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What You Need:
- Liter of Diet Soda
- Roll of Mentos Candy
Definitely go outside. Set the liter of soda on a firm surface – a sidewalk will work fine. Quickly – and I mean quickly – add the roll of mentos candy. Stand back!!
Soda is fizzy because it has carbon dioxide pumped into it at the soda bottle plant. The carbon dioxide bubbles just sit there in the soda until you open the top. When you open the top some of the bubble escape making that “whisssssh” sound.
Each mentos candy has a bunch of pits on the surface. The pits are so small you can barely see them. Under a microscope the a mento would look like a golf ball. Those little pits on the surface of the mento are a perfect place for a bubble to form, this is called a nucleation site.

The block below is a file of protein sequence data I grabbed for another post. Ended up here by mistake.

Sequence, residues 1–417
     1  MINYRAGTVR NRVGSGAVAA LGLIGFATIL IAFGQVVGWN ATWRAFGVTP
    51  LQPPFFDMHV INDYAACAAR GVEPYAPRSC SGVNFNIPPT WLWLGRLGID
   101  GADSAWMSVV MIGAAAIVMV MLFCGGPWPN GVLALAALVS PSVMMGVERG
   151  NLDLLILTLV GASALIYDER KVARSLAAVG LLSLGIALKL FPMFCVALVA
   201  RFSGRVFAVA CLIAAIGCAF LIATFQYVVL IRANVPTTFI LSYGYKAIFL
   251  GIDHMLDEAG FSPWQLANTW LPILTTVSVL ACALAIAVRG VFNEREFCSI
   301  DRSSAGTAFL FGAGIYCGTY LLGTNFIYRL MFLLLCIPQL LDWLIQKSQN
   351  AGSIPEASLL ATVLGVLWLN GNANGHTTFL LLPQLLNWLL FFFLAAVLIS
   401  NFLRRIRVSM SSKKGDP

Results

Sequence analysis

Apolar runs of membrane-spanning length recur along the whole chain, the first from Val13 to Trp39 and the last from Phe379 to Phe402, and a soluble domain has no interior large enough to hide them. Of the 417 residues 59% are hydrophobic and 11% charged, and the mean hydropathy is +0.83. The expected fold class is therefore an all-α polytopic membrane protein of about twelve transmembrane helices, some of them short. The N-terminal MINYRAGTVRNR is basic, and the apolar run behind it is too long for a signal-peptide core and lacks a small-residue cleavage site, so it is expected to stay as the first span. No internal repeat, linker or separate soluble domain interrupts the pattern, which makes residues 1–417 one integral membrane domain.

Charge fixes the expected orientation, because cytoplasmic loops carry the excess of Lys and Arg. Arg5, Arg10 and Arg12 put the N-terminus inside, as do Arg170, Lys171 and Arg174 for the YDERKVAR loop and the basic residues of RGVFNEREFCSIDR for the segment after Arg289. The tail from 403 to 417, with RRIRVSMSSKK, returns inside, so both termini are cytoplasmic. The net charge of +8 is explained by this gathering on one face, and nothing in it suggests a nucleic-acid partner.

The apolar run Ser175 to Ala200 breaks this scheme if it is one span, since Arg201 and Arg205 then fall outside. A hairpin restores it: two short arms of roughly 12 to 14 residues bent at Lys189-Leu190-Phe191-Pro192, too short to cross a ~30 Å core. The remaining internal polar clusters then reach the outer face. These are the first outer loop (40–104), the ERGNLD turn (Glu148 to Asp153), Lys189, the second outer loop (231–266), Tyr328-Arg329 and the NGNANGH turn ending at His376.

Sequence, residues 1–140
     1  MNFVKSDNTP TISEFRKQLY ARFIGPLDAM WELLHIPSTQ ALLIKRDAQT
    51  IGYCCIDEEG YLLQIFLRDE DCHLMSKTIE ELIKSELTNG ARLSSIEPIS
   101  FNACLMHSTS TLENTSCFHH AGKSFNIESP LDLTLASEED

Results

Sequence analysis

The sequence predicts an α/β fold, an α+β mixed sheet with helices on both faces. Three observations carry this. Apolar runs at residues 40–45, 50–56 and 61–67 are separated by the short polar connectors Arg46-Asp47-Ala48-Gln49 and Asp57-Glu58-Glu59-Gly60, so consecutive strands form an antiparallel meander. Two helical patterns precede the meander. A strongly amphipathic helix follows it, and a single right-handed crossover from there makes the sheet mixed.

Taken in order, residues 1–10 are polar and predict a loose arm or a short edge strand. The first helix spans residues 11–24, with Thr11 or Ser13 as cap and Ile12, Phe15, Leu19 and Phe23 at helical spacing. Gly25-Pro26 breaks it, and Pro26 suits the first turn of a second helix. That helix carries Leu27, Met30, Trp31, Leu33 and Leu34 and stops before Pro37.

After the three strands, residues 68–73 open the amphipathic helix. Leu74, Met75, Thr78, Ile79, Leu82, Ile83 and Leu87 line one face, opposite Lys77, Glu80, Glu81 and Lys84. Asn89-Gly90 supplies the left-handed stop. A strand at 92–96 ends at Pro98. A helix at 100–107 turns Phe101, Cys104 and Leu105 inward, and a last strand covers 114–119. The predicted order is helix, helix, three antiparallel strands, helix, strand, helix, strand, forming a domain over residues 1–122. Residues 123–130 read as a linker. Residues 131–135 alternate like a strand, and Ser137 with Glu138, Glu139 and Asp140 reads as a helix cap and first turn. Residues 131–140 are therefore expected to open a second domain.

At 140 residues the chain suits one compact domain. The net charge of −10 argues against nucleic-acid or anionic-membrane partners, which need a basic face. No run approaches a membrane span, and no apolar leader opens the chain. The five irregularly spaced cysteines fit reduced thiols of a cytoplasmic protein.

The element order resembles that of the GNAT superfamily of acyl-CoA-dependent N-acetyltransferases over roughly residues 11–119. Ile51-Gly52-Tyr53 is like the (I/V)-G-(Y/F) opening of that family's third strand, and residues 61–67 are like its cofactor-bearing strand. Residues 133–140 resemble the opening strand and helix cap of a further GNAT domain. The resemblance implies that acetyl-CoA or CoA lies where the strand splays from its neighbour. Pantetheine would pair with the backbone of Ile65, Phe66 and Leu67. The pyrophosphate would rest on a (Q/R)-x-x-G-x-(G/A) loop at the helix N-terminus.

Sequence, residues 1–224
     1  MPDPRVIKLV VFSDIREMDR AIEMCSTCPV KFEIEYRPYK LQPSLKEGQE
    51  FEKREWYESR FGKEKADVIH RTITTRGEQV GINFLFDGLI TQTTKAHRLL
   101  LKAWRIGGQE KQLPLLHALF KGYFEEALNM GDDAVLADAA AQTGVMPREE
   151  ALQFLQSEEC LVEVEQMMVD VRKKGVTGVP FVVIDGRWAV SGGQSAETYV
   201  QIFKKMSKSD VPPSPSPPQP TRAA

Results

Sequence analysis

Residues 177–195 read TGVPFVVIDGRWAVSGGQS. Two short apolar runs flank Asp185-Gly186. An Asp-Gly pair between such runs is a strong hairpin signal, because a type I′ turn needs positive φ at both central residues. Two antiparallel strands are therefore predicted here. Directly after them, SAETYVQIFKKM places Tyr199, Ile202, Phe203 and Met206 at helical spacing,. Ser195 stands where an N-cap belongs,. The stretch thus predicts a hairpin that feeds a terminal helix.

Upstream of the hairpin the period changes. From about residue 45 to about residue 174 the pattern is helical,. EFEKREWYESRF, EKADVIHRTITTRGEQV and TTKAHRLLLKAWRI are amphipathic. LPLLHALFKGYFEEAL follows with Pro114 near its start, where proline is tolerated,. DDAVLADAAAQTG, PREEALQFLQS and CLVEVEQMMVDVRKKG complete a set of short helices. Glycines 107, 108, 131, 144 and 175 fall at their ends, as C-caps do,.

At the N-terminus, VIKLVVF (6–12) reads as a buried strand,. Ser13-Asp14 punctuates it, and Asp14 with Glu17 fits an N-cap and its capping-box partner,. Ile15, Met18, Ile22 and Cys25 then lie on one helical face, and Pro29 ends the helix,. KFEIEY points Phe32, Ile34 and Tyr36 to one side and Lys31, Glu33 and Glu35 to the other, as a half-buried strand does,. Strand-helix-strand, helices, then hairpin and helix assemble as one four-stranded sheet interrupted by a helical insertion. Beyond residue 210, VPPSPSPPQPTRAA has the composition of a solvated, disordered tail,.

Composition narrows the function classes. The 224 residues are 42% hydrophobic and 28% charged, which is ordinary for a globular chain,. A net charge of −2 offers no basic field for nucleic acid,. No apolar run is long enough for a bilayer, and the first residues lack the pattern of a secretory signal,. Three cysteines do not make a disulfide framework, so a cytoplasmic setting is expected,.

When you drop the candies in the soda they sink and also start making bubbles in all of those pits. The bubbles form and explode making the soda bubble up and out the top of the soda bottle.
Here are some websites and books that will give you more chemical reaction experiments to try:
- Science Buddies: Coke and Mentos – Nucleation Goes Nuclear!
- Steve Spangler Science: Mentos and Diet Coke Geyser
- Science Buzz: Diet Coke and Mentos
- Google Preview Naked Eggs and Flying Potatoes: Mentos Geyser Experiment (pages 144-154)
- Google Preview Science Experiments That Explode and Implode: It’s a Gusher! (pages 18-19)
- Mythbusters Science Fair Book: Are Mentos and Diet Cola the only way to Make a Geyser? (pages 10-12)
Words to Know:
Nucleation Site - A place where a gas can form bubbles.